Maths can be a tricky subject - in fact, UK students have ranked A-level maths and GCSE level maths as both the hardest subjects at their respective levels. From trigonometry to prime factorisation, it’s certainly not a “cram the night before” type of subject.
So, what can you do to improve your maths performance, especially when it comes to sitting important tests and exams? In this guide, we’re going to go over 8 of our top tips when it comes to revising for a maths test; from prepping the night before to making sure you perform well during the test itself.
So, want to know how to revise for a maths test and bag that A? Keep reading!
Focus on your weak points
When it comes to taking maths tests, it can be reassuring to go over the topics that you already know well and understand during your revision. But this isn’t doing you any favours - it’s much better to spend your revision time focusing on the points that don’t quite make sense, or the concepts that you haven’t yet managed to wrap your head around.
Unless you’re preparing for an exam - in which case it’s a good idea to refresh your memory on all topics within your given subject - it’s best to spend your revision time trying to better understand the topics that are most difficult for you. You can go through your curriculum and rank each topic according to difficulty - that way you can allot extra time to the subjects that you find the trickiest to master.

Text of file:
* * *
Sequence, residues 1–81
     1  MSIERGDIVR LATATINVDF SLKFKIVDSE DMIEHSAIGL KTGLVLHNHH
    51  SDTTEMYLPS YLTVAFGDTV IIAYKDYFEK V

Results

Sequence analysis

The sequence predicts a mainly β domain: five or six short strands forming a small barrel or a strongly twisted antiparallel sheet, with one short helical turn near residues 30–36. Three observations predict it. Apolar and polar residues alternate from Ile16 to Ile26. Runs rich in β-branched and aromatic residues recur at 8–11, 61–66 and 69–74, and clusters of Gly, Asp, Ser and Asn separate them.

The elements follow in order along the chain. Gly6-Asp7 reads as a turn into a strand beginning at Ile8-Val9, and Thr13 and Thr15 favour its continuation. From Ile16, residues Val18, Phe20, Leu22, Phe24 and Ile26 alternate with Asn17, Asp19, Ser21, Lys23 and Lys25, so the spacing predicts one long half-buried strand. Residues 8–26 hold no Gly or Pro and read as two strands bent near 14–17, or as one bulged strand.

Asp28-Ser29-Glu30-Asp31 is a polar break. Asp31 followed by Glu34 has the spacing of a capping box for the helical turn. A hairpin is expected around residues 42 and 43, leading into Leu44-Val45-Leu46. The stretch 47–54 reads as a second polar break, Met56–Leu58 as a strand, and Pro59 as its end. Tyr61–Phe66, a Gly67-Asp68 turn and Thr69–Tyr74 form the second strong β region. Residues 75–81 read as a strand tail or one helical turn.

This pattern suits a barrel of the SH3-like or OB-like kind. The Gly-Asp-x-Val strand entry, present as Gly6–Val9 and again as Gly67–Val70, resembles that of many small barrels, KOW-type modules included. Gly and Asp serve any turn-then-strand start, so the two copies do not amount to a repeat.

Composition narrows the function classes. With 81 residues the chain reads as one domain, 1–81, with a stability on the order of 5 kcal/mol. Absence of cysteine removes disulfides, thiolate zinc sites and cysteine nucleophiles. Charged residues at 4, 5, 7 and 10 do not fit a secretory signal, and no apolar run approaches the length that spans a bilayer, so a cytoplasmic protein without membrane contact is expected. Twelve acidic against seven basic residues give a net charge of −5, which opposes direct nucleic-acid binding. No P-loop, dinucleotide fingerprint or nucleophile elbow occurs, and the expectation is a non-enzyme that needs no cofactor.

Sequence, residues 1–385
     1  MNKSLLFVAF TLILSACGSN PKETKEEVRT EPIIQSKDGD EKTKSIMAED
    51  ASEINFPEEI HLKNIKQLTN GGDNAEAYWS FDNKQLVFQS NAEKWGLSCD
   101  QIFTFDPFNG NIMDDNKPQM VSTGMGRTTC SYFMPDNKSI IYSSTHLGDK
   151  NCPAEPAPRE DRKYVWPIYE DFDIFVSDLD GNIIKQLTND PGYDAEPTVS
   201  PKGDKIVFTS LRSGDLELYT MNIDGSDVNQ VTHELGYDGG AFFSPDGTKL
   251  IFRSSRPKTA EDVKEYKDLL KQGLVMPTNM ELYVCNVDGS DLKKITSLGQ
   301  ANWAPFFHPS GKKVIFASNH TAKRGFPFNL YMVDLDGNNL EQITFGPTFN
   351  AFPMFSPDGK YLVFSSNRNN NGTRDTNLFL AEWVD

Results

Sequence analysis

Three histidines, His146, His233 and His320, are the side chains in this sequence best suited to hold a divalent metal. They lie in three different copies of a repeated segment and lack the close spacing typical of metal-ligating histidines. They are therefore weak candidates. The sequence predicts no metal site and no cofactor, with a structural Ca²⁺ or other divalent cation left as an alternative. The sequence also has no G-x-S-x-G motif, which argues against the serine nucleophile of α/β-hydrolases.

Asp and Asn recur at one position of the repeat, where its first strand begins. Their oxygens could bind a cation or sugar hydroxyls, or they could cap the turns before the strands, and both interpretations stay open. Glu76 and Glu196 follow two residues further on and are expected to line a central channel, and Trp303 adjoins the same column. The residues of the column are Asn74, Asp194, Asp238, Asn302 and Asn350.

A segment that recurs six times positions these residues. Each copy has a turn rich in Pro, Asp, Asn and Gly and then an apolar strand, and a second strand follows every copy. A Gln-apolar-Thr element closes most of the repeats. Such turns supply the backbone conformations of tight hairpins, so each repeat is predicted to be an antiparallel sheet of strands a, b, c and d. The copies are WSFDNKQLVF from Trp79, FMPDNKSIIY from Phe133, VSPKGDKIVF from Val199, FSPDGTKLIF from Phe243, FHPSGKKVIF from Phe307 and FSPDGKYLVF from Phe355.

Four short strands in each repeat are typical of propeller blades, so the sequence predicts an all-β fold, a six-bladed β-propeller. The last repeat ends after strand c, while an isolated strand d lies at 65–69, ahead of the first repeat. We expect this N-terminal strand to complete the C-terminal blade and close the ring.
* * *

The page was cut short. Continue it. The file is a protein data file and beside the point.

Study with friends
It might seem counterproductive or distracting to your studies, but it can actually be a good idea to study with friends. Typically, you’ll each have areas of weakness and be able to help one another understand concepts that you each find difficult. So long as you take the study session seriously - it’s a study session, not a fun get-together - it can actually be incredibly productive.
You’re more likely to feel confident asking your friends than your teachers questions about a certain topic, or admitting when you feel stuck. Just make sure that your group study sessions make up just a small percentage of your revision time - solo study is best when it comes to revising for a maths test.
Do past papers